According to the above mentioned, in the single-mode 400G optical module, the electrical port side is modulated with 4x100G PAM4, and a group of the optical port side is modulated with 8x50G PAM4. There are three common 8x50G PAM4 400G optical modules: FR8, LR8, and 2xFR4. 400G FR8 and 400G LR8 are the earliest available 400G single-mode interfaces, 8 wavelengths are multiplexed into one fiber, and duplex LC light is used at the same time. interface. The 2xFR4 400G optical module uses 8 lasers but is divided into two groups of 4 wavelengths according to the 200G FR4 standard.

400G optical modules modulated by 4x100G PAM4 are the focus of the current market, including 400G DR4, 400G FR4, and LR4, and their line-side uses four channels of 100G PAM4. In the 400G DR4 optical module, the DSP converts the 8x50G PAM4 electrical signal into 4x100G PAM4 and then transmits it to the optical engine.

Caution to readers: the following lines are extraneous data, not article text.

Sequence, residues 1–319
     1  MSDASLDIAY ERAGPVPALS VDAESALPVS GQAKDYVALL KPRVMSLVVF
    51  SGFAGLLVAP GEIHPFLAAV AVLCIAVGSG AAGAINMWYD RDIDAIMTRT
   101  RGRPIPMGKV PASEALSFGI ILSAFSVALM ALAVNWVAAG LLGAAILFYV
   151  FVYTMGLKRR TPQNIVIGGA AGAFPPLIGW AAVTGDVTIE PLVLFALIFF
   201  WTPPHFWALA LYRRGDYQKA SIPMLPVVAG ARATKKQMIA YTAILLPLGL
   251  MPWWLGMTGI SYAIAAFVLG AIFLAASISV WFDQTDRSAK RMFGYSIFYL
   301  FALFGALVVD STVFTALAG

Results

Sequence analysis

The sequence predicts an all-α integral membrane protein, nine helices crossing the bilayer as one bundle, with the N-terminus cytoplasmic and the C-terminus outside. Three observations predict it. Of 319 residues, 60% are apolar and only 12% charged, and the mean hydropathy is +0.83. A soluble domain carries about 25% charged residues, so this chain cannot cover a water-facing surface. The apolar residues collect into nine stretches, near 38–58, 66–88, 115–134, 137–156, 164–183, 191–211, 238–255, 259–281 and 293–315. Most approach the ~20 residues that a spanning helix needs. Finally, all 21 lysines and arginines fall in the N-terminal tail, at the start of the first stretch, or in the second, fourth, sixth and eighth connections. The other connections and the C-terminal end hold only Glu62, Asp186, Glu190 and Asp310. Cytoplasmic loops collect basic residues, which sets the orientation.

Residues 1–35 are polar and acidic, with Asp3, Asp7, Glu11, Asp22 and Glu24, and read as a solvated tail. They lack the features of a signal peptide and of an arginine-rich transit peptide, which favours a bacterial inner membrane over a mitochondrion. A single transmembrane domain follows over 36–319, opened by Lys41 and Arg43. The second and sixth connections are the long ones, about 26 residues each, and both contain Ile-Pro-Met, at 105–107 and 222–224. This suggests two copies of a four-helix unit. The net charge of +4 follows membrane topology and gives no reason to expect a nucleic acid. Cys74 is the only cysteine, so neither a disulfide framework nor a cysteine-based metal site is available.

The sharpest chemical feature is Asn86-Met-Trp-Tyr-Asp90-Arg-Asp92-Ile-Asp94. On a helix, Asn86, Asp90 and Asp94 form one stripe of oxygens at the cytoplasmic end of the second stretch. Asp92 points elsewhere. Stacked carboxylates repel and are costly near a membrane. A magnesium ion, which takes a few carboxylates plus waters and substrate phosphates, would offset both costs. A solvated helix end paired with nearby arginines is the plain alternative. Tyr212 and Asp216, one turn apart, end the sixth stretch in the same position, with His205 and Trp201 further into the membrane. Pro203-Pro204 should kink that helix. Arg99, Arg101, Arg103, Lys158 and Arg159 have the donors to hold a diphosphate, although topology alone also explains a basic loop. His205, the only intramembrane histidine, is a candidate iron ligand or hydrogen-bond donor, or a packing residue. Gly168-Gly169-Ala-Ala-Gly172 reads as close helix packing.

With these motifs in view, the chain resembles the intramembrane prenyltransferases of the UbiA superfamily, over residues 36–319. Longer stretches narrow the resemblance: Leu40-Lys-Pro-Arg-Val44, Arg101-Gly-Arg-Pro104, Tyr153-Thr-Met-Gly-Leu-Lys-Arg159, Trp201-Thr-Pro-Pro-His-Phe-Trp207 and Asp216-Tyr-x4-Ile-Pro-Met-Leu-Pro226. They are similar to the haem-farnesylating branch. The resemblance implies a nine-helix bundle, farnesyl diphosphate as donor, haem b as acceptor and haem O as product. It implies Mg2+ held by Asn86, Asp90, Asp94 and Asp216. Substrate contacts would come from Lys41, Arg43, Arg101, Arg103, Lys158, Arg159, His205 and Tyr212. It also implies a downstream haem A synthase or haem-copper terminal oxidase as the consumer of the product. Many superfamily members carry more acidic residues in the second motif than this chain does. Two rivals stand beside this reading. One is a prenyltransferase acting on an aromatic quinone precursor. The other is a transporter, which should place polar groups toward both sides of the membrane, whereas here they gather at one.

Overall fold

Transceiver Solution Based on 400G PAM4

PAM4 is a relatively low-cost solution for 400GbE and data centers that has been adopted by the transceiver industry, enabling high-speed data rates, moving toward 400G and beyond. FS 400G transceivers apply 4×100G PAM4 or 8×50G PAM4 technology, which have been standardized by the IEEE working group, including 400GBASE-SR8, DR4, LR8, ER8, XDR4, FR4, and LR4. The FS 400G transceivers use a pluggable double-density design to support transmission requirements of different distances. At the same time, they can perform signal conversion through PAM4, and use multiplexing technology to convert transmission channels to achieve reasonable distribution of data center fiber resources.

StandardTransceiver TypesLink DistanceMedia TypeLanesPower Consumption
IEEE P802.3cm400GBASE-SR8100mMMF8× 50G PAM4<10W
IEEE 802.3bs400GBASE-DR4500mSMF4× 100G PAM4<10W
400GBASE-LR810kmSMF8× 50G PAM4<14W
IEEE P802.3cn400GBASE-ER840kmSMF8× 50G PAM4<14W